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n. Any aquatic parasite of the subphylum Myxozoa


Myxozoa ( etymology: Greek: μύξα myxa "slime" or "mucus" + thematic vowel o + ζῷον zoon "animals") is a group of aquatic, obligately parasitic cnidarian animals. Over 1300 species have been described and many have a two-host lifecycle, involving a fish and an annelid worm or a bryozoan. The average size of a myxosporean spore usually ranges from 10 μm to 20 μm, whereas that of a malacosporean spore can be up to 2 mm. Myxozoans can live in both freshwater and marine habitats.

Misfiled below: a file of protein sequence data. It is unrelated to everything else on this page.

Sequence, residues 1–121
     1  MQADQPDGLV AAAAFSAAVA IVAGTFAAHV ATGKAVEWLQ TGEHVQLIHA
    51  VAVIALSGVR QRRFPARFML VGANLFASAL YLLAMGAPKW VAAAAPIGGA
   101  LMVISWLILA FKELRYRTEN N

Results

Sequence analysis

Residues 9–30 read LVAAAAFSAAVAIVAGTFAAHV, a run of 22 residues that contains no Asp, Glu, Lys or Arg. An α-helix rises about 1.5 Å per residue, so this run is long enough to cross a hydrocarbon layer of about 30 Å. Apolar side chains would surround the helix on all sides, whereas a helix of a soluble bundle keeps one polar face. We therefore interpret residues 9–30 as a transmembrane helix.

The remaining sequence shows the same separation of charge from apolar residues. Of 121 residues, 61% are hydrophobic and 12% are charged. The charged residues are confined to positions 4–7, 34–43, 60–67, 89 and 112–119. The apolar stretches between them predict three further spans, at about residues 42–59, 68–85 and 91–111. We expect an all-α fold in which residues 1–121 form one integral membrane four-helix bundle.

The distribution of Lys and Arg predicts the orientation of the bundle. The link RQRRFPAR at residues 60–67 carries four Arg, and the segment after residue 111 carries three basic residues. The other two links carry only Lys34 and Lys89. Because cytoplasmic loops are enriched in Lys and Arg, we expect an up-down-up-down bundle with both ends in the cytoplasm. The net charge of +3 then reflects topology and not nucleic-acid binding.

While the evolutionary history of myxozoans is still an active area of research, it is now understood that myxozoans are highly derived Cnidarians that have undergone dramatic evolution from a free swimming, self-sufficient jellyfish-like creature into their current form of obligate parasites composed of a mere handful of cells. As myxozoans evolved into microscopic parasites, they lost many genes responsible for multicellular development, coordination, and cell-cell communication. The genomes of some myxozoans are now among the smallest genomes of any known animal species.